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David Bowie and robot life on Mars among 12 don't-miss films at #TIFF22

The trippy David Bowie saga "Moonage Daydream" and the story of the long-running Mars rover Opportunity in "Good Night, Oppy" are among the anticipated gems at the 47th Toronto International Film Festival, Sept. 8-18.

Peter Howell

Movie Critic

Even in pre-pandemic times, it was impossible to use “normal” to describe anything happening at the Toronto International Film Festival.

The incredible buffet of cinematic offerings from around the world makes movie lovers want to indulge in excess, by seeing as many movies as can be packed into a single day.

But hard choices have to be made, especially with TIFF returning to fully in-person screenings and a film roster that approaches the numbers of yore: 203 features and 51 shorts from 63 countries.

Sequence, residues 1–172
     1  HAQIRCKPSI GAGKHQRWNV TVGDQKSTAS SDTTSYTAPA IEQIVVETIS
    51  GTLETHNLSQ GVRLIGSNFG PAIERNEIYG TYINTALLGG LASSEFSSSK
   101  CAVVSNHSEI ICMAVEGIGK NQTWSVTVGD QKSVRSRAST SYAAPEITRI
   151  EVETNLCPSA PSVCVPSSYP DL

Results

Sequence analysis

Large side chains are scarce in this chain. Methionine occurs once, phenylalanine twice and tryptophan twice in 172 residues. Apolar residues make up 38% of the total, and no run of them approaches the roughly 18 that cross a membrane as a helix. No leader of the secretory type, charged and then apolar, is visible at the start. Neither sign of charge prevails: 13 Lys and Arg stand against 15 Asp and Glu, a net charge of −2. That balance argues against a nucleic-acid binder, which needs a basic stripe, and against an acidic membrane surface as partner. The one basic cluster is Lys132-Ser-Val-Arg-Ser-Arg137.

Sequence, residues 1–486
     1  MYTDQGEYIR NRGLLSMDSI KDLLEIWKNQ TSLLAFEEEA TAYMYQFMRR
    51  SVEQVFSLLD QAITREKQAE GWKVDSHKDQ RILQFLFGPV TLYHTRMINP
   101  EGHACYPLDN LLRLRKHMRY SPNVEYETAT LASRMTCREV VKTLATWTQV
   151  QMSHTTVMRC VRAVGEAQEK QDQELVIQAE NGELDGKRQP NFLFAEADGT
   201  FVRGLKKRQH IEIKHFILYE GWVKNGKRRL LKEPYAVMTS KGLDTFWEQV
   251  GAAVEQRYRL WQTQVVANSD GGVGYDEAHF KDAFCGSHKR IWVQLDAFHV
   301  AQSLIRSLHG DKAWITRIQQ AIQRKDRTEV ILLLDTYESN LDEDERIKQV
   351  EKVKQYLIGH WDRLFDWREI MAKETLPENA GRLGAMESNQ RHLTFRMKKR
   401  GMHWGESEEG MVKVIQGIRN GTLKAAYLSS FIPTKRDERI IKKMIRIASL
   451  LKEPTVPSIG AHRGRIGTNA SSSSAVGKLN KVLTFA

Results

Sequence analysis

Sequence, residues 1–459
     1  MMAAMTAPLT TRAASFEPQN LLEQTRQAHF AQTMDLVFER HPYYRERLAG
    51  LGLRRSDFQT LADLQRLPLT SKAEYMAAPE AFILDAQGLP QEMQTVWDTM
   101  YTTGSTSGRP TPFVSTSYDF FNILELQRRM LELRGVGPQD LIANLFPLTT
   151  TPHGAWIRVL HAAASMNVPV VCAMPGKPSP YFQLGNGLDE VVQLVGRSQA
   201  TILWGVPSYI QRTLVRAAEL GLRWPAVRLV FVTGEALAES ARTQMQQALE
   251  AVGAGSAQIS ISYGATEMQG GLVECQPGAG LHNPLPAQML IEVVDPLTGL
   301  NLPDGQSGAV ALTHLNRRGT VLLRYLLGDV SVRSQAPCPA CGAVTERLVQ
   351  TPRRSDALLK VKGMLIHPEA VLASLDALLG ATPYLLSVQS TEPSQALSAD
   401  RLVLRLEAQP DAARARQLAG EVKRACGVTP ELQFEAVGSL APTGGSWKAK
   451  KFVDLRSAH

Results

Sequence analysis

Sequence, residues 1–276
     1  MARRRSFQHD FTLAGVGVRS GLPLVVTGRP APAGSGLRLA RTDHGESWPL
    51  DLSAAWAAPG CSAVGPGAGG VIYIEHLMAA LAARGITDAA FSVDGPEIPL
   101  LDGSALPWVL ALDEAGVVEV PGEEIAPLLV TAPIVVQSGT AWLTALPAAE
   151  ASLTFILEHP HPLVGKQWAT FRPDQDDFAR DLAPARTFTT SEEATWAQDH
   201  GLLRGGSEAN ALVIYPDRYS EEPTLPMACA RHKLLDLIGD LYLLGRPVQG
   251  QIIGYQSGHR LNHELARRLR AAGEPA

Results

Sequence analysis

And to assist you in that task, here in alphabetical order are my hot 12 picks of the flicks to watch during the fest’s 11-day run:

The Banshees of Inisherin

Who would have sussed that “ghosting” was a thing in rural Ireland? That’s the theme of this latest from writer/director Martin McDonagh (“Three Billboards Outside Ebbing, Missouri”), which reunites his “In Bruges” stars Brendan Gleeson and Colin Farrell for laughs and tears. It’s the story of one lifelong friend (Gleeson’s terse and secretive Colm) who abruptly dumps another (Farrell’s mystified and furious Pádraic. It sounds like a hoot but with McDonagh, you know it will go deeper than that. Kerry Condon and Barry Keoghan co-star.


Among the most-anticipated world premieres of TIFF 2022 is this coming-of-age tale of two brothers, the first theatrical feature in 15 years by Toronto’s Clement Virgo (“Rude,” “Book of Negroes”). Based on David Chariandy’s prizewinning novel and evocatively set in the Scarborough of the 1990s, it stars Lamar Johnson (“The Hate U Give”) and Aaron Pierre (“The Underground Railroad”). Advance word — and a top ranking in the Star’s Chasing the Buzz poll — suggests this may be Virgo’s best work yet.